There's simply no avoiding the most recent Twitter/customer service dustup that happened over the weekend: chances are you've already heard about how a television producer named Elan Gale got into a heated (and foul-mouthed) feud with a loud woman onboard a plane on the way home for Thanksgiving. While it may seem that this was purely between two irritated passengers, the fact of the matter is that internet services may need to pay attention to these tiffs as well.
Why? Well, partly because Gale specifically included US Airways in his online conversation about "Diane," a middle-aged woman on the same flight he was on overheard complaining to the flight attendants. By Gale's account, this other passenger was being obnoxious and demanding, telling his followers on the platform that this co-traveler was being selfish.
Eventually, Gale ordered a glass of wine for her and wrote a sarcastic note deriding her outburst. But that was relatively tame compared to the profanity-laden exchanges that followed, reported by the New York Daily News, as Gale and his target not only exchanged more notes, but had the whole conversation posted online, much to the delight of online followers.
This has not only sparked media fascination, but comment and criticism as well. Actor Samm Levine even tweeted a message-by-message spoof of the event in which he played the part of a cocky celebrity who was deliberately harming a (fictitious) older passenger while convinced he was an everyman hero.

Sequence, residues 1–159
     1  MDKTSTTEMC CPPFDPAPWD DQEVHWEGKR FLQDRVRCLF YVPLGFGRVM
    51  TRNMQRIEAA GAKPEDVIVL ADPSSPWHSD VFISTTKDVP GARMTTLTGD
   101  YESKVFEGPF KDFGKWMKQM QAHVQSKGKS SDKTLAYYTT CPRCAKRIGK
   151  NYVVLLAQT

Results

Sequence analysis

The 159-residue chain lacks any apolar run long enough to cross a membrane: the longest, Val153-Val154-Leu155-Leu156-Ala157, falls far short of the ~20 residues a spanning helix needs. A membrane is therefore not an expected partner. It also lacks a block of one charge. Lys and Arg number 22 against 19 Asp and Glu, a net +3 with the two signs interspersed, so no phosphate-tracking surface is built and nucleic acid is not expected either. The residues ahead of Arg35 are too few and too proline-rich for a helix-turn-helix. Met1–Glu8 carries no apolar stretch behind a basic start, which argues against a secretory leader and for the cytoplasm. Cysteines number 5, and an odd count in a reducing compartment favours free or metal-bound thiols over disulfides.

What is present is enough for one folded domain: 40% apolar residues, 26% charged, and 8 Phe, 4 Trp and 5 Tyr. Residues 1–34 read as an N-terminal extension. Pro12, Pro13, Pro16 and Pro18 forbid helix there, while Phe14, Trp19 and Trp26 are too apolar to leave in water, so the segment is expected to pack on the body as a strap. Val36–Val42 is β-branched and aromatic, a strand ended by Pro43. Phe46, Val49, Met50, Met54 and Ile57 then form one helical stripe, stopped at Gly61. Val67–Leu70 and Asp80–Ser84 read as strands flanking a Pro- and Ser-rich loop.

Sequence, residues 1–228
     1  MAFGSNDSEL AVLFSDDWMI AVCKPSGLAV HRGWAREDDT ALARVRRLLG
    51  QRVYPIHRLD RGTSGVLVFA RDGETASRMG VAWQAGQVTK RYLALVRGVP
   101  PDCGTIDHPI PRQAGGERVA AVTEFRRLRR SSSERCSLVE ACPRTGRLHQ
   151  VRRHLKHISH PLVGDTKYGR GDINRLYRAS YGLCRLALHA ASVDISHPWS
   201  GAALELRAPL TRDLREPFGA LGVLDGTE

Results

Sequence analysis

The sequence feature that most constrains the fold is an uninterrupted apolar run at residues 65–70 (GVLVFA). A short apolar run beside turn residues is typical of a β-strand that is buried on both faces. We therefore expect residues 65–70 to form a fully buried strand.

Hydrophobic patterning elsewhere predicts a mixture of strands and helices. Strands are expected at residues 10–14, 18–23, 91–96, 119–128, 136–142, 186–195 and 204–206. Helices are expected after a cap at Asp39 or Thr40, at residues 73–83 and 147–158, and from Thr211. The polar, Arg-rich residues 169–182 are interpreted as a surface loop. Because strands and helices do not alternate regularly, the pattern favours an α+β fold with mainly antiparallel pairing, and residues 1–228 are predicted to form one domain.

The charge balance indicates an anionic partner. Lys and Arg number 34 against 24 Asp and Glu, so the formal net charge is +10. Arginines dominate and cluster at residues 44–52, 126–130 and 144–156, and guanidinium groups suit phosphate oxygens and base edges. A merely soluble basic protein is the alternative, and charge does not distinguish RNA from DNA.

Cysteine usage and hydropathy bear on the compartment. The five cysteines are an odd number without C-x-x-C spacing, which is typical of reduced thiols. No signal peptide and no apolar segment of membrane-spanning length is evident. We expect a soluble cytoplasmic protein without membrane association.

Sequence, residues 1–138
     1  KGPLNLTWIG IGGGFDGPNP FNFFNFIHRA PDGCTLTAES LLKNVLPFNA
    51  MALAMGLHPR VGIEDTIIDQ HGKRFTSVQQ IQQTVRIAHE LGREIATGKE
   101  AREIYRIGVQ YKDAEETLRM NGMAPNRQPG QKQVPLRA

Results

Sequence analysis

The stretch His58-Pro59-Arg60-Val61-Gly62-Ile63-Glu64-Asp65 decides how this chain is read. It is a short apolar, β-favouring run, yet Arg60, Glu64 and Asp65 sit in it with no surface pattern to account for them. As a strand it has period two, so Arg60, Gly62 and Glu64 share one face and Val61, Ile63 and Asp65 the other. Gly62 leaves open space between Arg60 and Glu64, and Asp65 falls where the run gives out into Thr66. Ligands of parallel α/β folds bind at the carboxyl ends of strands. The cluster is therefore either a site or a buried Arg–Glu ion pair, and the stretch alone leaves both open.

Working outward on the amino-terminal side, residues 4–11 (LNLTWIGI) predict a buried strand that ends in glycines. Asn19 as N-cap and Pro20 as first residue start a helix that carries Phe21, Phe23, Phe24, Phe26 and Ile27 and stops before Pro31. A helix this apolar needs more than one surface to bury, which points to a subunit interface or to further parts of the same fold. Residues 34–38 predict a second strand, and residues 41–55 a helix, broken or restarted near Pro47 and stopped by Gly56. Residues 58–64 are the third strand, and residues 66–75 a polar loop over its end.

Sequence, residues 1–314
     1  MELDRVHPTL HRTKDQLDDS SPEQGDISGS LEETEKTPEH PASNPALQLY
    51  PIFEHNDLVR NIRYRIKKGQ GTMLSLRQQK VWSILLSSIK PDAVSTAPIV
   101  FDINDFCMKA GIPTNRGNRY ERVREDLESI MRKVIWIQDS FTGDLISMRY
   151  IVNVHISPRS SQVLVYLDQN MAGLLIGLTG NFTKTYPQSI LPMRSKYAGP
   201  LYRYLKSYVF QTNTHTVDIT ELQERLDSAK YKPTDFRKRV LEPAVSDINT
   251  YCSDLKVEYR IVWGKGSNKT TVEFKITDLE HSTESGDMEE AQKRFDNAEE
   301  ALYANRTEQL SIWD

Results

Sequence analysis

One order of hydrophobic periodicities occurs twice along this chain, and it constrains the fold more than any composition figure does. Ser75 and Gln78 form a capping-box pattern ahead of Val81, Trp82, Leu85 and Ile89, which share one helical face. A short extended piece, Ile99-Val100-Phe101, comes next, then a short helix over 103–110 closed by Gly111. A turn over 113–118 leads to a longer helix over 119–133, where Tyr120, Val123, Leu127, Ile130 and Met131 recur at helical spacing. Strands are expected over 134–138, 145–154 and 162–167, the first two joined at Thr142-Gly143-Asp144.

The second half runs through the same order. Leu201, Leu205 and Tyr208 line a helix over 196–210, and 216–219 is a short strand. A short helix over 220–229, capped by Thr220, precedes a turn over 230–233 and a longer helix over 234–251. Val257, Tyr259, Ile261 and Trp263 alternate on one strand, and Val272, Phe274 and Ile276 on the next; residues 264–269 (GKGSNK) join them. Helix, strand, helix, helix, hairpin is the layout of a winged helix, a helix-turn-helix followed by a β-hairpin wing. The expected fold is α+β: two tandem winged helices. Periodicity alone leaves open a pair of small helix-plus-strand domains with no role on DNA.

In the midst of all this, one tweet might have gone unnoticed in which Gale reached out to the official help channel of United and asked for this patron to be removed. He was probably only half-joking.
"I find a passenger on one of your planes to be annoying," he wrote. "If I give you money will you remove her? I want to buy her seat."
What can a virtual answering service or other social media center do when they get pulled in? It's a tricky spot, to be sure: without knowing all the facts, the company can't be seen to endorse either side out of favoritism. And since there might very well be an increase of internet use in air travel soon, it's possible that the pressure to respond to these instances no matter when they break out will build.
But experience can be a helpful asset, perhaps more than anything else, and getting a knowledgeable authority on the subject to help solve these problems for you.